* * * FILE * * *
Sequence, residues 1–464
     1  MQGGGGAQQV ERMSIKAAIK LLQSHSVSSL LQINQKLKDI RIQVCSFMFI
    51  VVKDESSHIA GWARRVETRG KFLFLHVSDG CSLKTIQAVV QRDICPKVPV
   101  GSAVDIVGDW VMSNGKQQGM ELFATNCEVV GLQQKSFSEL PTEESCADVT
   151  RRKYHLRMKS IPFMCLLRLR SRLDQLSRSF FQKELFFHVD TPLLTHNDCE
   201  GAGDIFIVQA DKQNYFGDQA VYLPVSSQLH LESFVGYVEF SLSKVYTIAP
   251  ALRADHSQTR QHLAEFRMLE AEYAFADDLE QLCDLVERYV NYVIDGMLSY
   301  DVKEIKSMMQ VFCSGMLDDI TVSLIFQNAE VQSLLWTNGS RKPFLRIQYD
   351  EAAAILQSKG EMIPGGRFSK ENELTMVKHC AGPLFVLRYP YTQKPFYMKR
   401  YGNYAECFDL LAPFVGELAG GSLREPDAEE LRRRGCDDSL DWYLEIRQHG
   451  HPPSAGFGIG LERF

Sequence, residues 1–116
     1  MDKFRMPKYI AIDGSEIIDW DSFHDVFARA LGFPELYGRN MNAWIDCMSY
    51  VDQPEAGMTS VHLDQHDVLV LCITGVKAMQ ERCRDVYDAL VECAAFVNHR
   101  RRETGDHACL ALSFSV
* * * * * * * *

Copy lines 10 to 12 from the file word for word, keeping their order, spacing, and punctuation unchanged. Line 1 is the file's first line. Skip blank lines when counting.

   401  YGNYAECFDL LAPFVGELAG GSLREPDAEE LRRRGCDDSL DWYLEIRQHG
   451  HPPSAGFGIG LERF

Sequence, residues 1–116